Maryland Senate Passes Bill to Crack Down on Parents Who Give Alcohol to Minors

By May Wilkerson 03/07/16

The new bill also calls for increased maximum fines for first-time offenders who host and provide alcohol at underage drinking parties.

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Maryland Passes Bill to Crack Down on Parents Who Give Alcohol to Minors
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In Maryland, adults who give alcohol to minors will face steeper fines and possible jail time under a new bill that was passed unanimously this week by the Maryland Senate. Senate Bill 564 was introduced by Montgomery County Senator Brian Feldman as a response to a car accident that killed two high school students, Alex Murk and Calvin Li, who had been drinking at a party under parental supervision. 

In the bill, nicknamed Alex and Calvin's Law—which has yet to be voted on in Maryland's House of Delegates—Feldman calls to increase the maximum fines for first-time offenders who host underage drinking parties and provide alcohol to minors. Under the new law, the maximum fine would double from $2,500 to $5,000.

“While it would be easy to figuratively blame some faceless, impersonal entity for the unlawful provision of alcohol to these persons too young to legally purchase, possess or consume the same, federal data shows that parents and other adult family members are a leading source of alcohol for U.S. teenagers,” said Kurt Gregory Erickson, president of the nonprofit Washington Regional Alcohol Program and a registered Maryland lobbyist. Erickson is a proponent of both Bill 564 and a similar House Bill that also calls for alcohol restrictions related to the fatal crash.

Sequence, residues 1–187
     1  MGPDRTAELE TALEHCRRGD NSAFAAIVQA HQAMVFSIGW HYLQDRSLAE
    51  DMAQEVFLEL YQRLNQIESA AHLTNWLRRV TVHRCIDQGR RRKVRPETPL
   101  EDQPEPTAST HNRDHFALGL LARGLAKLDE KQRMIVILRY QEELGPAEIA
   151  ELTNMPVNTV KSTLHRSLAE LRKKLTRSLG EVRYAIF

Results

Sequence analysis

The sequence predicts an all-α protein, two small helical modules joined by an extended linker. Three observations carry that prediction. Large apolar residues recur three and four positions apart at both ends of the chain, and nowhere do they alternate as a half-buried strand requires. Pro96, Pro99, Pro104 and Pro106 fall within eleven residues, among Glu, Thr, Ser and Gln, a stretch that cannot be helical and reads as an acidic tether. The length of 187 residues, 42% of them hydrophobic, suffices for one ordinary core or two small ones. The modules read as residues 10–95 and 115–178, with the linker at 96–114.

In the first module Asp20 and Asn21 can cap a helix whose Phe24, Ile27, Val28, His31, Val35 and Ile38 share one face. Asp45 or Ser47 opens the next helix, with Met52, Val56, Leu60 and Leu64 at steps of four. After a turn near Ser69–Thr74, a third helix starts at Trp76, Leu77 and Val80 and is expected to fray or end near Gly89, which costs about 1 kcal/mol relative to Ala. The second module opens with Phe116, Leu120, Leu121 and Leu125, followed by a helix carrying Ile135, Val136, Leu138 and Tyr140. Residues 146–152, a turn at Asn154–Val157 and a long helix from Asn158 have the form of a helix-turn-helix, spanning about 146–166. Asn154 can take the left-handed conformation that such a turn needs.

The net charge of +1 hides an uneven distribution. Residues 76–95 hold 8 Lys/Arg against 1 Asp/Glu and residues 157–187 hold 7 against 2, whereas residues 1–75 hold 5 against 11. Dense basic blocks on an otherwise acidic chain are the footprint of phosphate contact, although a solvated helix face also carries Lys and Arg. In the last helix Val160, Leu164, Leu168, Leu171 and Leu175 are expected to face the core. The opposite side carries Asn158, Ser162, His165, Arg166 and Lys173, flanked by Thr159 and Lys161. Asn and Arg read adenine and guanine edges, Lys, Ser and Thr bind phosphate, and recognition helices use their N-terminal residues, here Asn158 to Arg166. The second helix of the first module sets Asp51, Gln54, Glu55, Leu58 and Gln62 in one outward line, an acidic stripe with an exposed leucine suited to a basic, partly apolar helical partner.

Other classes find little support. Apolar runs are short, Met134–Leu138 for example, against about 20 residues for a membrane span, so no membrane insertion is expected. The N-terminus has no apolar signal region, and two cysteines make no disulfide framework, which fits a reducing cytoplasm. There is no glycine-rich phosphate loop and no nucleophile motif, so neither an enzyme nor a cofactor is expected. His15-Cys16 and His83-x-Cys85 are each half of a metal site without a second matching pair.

“At minimum, this legislation addresses the supply-side of underage drinking’s supply-and-demand paradigm,” said Erickson. “At maximum, this potentially lifesaving bill will serve as a deterrent to parents’ enabling of unlawful teen drinking and its too often life-changing consequences.”

A 2013 study by the Maryland Department of Health and Mental Hygiene found that 42% of the state's high school seniors had consumed alcohol, 25.6% had binge drank, and 21.7% had been a passenger in a car driven by someone who had been drinking. Parents are the second most likely group to give alcohol to minors, according to a study from the U.S. Department of Health and Human Services. The most frequent suppliers of booze to underage drinkers are non-family members who are of legal age, the study found.

According to the National Conference of State Legislatures, most U.S. states have the option to enforce sentences on those who are convicted of supplying alcohol to minors.

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May Wilkerson is a writer, comic and Managing Editor @someecards. Co-host of the podcast Crazy; In Bed w/alyssalimp. She is also the top Google result for "insufferable lunatic." Follow this insufferable lunatic on Twitter.

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